What better way could there be to start the new year than being in Westminster Hall under your benign guidance, Sir David? If there were a better way, it could only be being here to discuss matters of such moment, and I give enormous credit to my hon. Friend Judith Cummins for having raised this important subject. J. B. Priestley composed endless panegyrics to the proud city of Bradford—which he called Bruddersford so as not to confuse people—and there was a time when we thought of Bradford as being exemplified by J. B. Priestley. However, my hon. Friend has now adopted that crown, and she is the spokesperson for that city.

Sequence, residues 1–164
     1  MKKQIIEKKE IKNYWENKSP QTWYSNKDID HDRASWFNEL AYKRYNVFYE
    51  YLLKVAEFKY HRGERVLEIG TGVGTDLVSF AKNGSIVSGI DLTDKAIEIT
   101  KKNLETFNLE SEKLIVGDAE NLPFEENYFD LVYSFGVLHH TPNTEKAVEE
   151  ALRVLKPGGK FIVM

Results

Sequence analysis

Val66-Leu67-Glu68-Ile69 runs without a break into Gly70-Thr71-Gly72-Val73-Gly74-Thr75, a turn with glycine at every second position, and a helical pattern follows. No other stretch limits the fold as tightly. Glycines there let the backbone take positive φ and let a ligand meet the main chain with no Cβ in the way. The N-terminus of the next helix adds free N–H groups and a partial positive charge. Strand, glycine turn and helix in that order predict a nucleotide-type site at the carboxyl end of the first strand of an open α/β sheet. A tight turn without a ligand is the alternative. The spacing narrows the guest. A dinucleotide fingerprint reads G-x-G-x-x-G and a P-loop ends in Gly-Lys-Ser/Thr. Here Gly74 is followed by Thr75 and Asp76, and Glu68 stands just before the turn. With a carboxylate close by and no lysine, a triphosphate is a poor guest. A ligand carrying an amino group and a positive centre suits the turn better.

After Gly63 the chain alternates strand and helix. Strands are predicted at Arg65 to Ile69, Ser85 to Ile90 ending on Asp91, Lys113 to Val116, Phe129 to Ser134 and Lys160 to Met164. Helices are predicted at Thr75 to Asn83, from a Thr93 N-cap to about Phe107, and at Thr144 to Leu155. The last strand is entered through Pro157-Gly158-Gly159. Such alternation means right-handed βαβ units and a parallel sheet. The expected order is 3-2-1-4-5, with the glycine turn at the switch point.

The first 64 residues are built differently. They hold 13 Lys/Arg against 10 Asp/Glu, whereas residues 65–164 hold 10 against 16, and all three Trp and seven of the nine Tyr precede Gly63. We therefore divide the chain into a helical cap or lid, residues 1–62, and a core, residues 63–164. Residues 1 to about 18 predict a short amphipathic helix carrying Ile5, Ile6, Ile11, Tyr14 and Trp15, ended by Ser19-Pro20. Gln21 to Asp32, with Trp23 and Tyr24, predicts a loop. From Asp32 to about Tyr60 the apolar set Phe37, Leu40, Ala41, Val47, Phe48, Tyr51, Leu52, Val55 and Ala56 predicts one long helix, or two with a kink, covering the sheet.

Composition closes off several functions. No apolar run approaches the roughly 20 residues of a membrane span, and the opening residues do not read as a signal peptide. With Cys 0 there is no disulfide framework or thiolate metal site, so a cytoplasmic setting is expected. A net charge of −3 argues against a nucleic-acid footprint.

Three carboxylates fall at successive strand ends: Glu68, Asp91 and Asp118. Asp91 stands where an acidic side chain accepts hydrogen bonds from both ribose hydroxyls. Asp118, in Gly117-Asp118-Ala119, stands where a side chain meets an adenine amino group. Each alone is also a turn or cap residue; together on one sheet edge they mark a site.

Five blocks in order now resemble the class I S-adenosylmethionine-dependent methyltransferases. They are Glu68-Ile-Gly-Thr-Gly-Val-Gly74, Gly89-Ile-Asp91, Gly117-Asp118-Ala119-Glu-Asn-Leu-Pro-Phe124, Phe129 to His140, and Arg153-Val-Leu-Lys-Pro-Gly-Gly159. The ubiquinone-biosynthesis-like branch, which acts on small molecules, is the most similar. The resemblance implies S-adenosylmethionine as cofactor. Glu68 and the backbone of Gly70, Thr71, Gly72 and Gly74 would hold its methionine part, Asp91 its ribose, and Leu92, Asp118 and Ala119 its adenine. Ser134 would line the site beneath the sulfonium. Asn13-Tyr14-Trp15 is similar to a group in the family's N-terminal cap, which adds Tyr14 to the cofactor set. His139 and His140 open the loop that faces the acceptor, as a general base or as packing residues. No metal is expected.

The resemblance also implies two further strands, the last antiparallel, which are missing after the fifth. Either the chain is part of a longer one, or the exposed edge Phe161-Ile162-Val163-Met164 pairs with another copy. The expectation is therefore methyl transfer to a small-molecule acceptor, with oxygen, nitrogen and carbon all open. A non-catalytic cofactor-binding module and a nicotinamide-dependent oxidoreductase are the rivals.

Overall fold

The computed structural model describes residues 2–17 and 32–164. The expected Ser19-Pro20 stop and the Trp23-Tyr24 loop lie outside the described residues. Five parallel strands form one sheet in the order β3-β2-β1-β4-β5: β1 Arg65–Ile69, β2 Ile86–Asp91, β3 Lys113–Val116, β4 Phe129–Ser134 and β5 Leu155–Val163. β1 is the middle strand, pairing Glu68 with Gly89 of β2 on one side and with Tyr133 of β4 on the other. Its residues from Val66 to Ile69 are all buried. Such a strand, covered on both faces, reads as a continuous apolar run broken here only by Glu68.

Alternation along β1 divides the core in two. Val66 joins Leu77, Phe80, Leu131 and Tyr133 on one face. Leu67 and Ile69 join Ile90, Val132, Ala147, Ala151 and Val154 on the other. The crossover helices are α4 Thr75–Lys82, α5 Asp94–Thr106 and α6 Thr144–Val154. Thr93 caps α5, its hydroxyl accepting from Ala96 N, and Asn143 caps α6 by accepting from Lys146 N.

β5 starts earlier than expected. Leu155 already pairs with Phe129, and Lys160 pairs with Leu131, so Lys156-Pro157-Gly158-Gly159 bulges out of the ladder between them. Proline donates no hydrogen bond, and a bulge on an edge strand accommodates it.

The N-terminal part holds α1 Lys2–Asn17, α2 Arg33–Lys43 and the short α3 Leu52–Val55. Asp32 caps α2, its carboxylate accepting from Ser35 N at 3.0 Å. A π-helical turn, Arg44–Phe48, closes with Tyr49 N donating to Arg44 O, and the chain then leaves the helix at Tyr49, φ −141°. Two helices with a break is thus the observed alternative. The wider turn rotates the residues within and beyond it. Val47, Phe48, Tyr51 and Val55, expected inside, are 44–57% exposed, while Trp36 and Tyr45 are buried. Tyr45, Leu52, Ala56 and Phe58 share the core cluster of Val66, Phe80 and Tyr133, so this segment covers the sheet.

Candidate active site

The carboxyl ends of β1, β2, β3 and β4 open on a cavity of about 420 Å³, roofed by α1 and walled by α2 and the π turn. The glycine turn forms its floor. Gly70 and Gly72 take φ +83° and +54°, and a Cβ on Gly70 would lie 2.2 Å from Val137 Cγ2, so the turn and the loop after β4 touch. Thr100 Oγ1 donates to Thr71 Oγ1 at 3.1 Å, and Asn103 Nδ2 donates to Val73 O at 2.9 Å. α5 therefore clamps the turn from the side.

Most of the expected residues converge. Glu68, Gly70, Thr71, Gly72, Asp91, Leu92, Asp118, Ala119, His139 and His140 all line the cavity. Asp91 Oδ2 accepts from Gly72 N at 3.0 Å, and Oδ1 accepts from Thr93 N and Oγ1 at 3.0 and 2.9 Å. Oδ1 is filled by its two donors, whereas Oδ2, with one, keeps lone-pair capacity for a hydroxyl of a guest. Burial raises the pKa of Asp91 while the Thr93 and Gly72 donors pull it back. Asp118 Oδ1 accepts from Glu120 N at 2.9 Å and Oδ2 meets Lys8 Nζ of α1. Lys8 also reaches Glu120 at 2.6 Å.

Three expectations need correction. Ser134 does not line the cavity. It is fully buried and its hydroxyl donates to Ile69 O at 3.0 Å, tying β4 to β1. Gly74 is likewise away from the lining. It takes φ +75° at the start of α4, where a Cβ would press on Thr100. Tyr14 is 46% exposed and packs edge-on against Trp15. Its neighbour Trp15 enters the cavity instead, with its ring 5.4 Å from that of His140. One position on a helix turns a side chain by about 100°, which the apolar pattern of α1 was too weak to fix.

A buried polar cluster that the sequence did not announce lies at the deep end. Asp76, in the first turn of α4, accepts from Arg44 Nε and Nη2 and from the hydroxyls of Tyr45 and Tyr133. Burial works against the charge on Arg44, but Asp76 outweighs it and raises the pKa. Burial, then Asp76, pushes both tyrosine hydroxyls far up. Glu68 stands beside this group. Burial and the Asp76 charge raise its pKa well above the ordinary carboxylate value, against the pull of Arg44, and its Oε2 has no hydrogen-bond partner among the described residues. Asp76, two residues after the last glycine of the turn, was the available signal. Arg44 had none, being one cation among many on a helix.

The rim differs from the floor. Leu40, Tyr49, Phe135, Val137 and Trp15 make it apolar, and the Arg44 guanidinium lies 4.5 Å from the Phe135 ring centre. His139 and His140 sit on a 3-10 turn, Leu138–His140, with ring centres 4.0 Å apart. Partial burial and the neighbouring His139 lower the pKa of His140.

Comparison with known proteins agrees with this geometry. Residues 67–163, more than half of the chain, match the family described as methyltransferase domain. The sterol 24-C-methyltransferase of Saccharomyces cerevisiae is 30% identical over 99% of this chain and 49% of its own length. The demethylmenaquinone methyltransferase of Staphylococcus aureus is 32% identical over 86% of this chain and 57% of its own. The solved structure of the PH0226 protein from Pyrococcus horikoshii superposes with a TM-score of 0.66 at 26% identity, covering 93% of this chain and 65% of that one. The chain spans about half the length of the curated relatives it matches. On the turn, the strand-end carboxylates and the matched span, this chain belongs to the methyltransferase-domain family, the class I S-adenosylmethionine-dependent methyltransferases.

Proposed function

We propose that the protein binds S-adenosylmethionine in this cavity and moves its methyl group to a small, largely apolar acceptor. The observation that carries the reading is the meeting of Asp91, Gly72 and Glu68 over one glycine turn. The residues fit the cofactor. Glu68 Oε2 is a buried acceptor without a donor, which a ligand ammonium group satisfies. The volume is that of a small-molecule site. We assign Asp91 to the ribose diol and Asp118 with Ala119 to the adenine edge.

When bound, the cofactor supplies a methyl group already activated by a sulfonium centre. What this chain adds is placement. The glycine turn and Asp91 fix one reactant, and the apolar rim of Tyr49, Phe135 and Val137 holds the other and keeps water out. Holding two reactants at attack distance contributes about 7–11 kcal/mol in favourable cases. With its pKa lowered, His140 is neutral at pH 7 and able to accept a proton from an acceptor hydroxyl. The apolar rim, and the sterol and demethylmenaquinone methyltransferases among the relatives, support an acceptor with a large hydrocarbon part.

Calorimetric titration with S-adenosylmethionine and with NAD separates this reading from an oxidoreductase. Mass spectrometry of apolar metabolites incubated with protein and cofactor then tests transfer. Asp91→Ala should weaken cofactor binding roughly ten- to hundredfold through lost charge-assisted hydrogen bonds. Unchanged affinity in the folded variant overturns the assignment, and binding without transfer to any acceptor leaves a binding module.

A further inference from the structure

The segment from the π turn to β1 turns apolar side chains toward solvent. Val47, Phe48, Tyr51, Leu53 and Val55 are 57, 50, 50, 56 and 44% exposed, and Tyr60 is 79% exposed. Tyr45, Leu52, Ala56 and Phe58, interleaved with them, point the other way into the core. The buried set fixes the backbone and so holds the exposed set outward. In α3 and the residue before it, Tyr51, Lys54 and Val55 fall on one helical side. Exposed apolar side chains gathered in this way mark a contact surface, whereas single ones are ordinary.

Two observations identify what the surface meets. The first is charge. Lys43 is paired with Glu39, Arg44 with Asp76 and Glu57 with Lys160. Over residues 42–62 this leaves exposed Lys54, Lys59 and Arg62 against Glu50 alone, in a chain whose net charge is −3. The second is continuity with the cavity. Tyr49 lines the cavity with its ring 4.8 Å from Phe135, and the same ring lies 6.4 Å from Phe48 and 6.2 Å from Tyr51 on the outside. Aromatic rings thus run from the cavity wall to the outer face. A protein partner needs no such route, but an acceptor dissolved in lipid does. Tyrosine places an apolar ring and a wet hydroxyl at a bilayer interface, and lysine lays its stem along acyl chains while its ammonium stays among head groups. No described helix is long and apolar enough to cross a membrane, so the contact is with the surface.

I was delighted to hear from John Howell. I was a little surprised by his comments about the more deprived areas of Henley—presumably, that is a place that is down to its last Jaguar. I had not previously thought about the teeming stews and slums of Henley, but I am here to be educated. I was also interested to hear about the careers advice that the hon. Gentleman received. I remember the careers teacher at my school encouraging me to leave at the earliest opportunity, saying that I could go into the Royal Navy at the age of 16. He did say, “By the way, they will take anybody.” One of my colleagues, I seem to remember, thought that he was being advised to become an author when the careers master said to him, “Have you ever thought about being a man of letters?” He ended up, of course, as a postman. [Interruption.] There is nothing wrong with that; there are some distinguished postmen.